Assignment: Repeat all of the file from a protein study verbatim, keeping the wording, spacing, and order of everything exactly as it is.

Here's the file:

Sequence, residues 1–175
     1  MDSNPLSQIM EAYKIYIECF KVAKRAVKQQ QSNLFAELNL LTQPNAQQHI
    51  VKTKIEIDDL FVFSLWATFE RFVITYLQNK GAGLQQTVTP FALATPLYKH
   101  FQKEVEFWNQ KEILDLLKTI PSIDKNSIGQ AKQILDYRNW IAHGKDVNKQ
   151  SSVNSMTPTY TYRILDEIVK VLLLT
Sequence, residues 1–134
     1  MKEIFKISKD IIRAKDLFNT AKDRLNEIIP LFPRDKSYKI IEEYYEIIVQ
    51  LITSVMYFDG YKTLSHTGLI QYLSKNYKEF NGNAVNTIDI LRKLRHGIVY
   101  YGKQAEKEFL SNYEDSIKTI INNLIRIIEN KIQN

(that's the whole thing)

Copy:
Sequence, residues 1–175
     1  MDSNPLSQIM EAYKIYIECF KVAKRAVKQQ QSNLFAELNL LTQPNAQQHI
    51  VKTKIEIDDL FVFSLWATFE RFVITYLQNK GAGLQQTVTP FALATPLYKH
   101  FQKEVEFWNQ KEILDLLKTI PSIDKNSIGQ AKQILDYRNW IAHGKDVNKQ
   151  SSVNSMTPTY TYRILDEIVK VLLLT
Sequence, residues 1–134
     1  MKEIFKISKD IIRAKDLFNT AKDRLNEIIP LFPRDKSYKI IEEYYEIIVQ
    51  LITSVMYFDG YKTLSHTGLI QYLSKNYKEF NGNAVNTIDI LRKLRHGIVY
   101  YGKQAEKEFL SNYEDSIKTI INNLIRIIEN KIQN